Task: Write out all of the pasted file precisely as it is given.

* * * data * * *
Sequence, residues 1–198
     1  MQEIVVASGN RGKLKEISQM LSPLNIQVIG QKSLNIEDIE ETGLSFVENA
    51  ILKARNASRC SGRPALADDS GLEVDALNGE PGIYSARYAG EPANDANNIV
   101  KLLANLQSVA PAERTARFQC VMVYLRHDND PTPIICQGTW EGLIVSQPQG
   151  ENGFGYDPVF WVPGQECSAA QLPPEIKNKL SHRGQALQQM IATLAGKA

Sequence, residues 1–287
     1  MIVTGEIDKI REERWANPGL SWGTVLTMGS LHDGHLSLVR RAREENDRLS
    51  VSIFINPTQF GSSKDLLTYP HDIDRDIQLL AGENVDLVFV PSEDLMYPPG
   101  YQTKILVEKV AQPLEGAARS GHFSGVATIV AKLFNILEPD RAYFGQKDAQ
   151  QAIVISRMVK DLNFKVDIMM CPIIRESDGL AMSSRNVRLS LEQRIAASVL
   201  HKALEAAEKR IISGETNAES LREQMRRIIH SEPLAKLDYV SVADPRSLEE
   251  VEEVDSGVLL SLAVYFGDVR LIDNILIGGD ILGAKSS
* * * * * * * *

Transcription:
Sequence, residues 1–198
     1  MQEIVVASGN RGKLKEISQM LSPLNIQVIG QKSLNIEDIE ETGLSFVENA
    51  ILKARNASRC SGRPALADDS GLEVDALNGE PGIYSARYAG EPANDANNIV
   101  KLLANLQSVA PAERTARFQC VMVYLRHDND PTPIICQGTW EGLIVSQPQG
   151  ENGFGYDPVF WVPGQECSAA QLPPEIKNKL SHRGQALQQM IATLAGKA

Sequence, residues 1–287
     1  MIVTGEIDKI REERWANPGL SWGTVLTMGS LHDGHLSLVR RAREENDRLS
    51  VSIFINPTQF GSSKDLLTYP HDIDRDIQLL AGENVDLVFV PSEDLMYPPG
   101  YQTKILVEKV AQPLEGAARS GHFSGVATIV AKLFNILEPD RAYFGQKDAQ
   151  QAIVISRMVK DLNFKVDIMM CPIIRESDGL AMSSRNVRLS LEQRIAASVL
   201  HKALEAAEKR IISGETNAES LREQMRRIIH SEPLAKLDYV SVADPRSLEE
   251  VEEVDSGVLL SLAVYFGDVR LIDNILIGGD ILGAKSS